It makes $700,000 houses affordable to middle class people, because the monthly NYT equates to a $400,000 house in a high property tax state. Plus it keeps a perpetual cycle of new buyers available.

        The Calgary situation is striking in some ways, but the reality is they were losing the Flames if they didn’t do something soon. No politician can survive the loss of the most popular social entity in town, to go with an economy that’s been limp for a decade. Cool city though, from what I hear!

          1. Agree with your NY premise.

            Disagree with your “makes $700,000 houses affordable to middle class people” premise. Not sure what your definition of middle class is. Even in CA’s least expensive housing markets, California’s Central Valley, middle class Californians entering the housing market cannot afford $700,000 homes.

            Unless your reference is to those who have lived in their homes that have now appreciated to $700,000 (enables them to live in their home, without being forced out due to rising property taxes).

            Flame on. Flame out. Cities who love their professional sports teams don’t need to go down without the ship (as for the elected official, you fall on your sword. You do what’s in the best interests of the majority of your constituents, and the city, not a billionaire. Walked this road in an earlier Anaheim comment). If past history is any indicator, another billionaire will take up shop in Calgary in time.

            Baltimore Colts / Baltimore Ravens
            Charlotte Hornets / Charlotte Bobcats-Hornets
            Houston Oilers / Houston Texans
            Los Angeles Rams / Los Angeles Chargers and Rams (again, who would’ve guessed)
            Milwaukee Braves / Milwaukee Brewers
            New Orleans Jazz / New Orleans Hornets-Pelicans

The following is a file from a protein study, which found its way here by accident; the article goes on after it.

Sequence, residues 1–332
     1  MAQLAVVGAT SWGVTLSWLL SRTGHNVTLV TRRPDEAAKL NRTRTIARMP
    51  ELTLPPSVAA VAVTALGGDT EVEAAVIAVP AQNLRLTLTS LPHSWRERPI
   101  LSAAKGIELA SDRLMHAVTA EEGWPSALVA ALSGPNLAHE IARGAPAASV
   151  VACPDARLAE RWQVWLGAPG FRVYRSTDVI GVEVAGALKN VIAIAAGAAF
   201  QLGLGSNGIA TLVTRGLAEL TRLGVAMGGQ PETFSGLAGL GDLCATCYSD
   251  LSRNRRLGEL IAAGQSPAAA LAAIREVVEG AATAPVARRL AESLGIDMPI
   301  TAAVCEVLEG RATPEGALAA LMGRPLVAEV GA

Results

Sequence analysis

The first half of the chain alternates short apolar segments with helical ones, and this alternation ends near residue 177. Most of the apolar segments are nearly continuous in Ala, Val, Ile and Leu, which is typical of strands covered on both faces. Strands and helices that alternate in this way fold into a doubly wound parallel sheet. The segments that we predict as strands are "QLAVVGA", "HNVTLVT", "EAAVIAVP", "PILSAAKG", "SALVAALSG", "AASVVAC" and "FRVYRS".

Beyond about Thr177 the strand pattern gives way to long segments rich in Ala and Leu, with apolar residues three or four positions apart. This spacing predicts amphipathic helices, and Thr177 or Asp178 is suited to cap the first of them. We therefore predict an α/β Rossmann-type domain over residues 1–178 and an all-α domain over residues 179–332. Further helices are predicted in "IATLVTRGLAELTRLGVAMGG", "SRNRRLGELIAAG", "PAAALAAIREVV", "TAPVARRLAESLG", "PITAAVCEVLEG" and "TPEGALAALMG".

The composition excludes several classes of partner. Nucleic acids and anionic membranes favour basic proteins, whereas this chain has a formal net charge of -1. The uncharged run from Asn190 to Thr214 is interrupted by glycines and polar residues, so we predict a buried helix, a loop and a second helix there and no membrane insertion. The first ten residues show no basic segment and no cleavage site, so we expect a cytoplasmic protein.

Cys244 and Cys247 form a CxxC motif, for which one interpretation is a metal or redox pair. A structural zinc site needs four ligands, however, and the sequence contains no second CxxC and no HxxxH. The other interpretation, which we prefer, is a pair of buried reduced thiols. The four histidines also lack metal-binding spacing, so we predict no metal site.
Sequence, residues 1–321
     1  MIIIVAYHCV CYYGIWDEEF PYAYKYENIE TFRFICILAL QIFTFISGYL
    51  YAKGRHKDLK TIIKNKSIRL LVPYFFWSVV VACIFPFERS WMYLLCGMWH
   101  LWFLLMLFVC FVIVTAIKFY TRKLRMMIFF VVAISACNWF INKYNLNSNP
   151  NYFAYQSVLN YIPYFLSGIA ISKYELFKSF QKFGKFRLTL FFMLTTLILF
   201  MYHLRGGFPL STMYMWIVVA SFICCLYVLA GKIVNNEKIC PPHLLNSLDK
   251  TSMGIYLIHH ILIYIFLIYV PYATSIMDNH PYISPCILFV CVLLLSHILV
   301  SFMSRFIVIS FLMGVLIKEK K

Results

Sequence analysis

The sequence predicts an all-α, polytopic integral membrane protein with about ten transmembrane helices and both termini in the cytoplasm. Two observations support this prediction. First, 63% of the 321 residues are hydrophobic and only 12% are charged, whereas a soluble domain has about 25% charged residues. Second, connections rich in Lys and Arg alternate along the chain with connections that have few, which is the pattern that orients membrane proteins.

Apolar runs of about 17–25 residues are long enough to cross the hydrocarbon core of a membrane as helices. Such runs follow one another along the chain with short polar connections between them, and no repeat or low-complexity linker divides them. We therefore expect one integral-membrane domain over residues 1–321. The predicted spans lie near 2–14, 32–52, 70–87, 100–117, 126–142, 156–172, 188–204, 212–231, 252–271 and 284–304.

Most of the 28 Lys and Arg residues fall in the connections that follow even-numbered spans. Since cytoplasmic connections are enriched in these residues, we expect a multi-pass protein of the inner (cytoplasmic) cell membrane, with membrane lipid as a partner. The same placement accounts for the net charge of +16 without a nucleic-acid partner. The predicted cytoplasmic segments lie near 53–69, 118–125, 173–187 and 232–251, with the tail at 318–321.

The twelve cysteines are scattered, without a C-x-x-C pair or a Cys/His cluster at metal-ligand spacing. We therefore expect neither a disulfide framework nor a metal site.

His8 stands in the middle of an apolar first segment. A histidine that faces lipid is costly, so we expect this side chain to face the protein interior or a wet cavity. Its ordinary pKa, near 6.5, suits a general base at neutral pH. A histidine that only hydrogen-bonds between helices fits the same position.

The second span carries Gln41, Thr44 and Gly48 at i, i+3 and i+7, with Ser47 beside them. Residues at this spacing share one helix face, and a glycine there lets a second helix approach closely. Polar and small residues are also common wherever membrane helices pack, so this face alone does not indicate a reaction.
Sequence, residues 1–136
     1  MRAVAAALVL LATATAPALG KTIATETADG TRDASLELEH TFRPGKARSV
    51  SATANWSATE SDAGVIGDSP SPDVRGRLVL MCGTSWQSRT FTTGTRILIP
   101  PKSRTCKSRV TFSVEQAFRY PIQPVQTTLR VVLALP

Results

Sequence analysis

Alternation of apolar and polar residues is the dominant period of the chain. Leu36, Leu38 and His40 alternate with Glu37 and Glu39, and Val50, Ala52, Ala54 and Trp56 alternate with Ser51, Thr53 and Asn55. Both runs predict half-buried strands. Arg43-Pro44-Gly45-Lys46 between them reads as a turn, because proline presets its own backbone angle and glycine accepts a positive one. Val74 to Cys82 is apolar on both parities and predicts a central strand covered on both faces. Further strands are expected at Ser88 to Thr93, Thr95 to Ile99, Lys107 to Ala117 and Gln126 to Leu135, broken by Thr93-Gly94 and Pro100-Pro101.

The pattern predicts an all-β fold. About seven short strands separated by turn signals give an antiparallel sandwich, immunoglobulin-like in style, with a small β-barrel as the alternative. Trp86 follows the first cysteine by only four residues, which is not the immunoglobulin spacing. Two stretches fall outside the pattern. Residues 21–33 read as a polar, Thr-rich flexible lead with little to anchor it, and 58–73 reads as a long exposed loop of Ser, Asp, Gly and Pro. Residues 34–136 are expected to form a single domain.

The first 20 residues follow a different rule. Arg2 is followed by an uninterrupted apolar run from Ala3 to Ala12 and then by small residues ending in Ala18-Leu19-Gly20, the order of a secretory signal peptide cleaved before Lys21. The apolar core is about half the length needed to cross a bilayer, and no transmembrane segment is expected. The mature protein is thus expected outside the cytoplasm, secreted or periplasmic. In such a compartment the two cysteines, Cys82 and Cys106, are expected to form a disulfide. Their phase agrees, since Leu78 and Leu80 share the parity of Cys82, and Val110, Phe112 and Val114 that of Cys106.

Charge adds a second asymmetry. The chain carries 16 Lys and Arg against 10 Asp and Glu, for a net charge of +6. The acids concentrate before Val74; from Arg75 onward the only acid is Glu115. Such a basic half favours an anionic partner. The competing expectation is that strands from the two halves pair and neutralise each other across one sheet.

Brooklyn Dodgers-NY Giants / NY Mets
            Saint Louis Cardinals / Saint Louis Rams
            San Jose Clash-Earthquakes / San Jose Earthquakes
            Seattle Pilots / Seattle Mariners
            Winnipeg Jets / Winnipeg Jets

            Please let me stop.

            Agreed. Calgary is cool!

        1. “The Calgary situation is striking in some ways, but the reality is they were losing the Flames if they didn’t do something soon.”

          There’s absolutely no reason to believe this. The Flames didn’t even really try to push this very far, I think they may have made some “gee, Seattle’s nice” types of statements, that’s it. The Flames make money right now and they’d have made money in the Saddledome for a long time regardless of however old the arena was. Where were they moving to? Who was buying them?

    2. The one other story I like to recall, though I can’t remember now where I read it, is about Richard Nixon somewhere on the White House tapes being asked to consider some expansion of the Vietnam War, and replied, “If I do that, the goddamn hippies will come and burn down the White House.” So flaming torches have their uses, too.

      1. Huh. I wouldn’t have thought these guys would do that sort of thing…

  3. Damn right (hippies, those of us who weren’t co-opted still would).

    Many wonder what happened with following generations. Why they didn’t pick up the mantle where we left off. So many reasons (IMHO, societal focus on motive, not means). Now we’re left with tears for fears.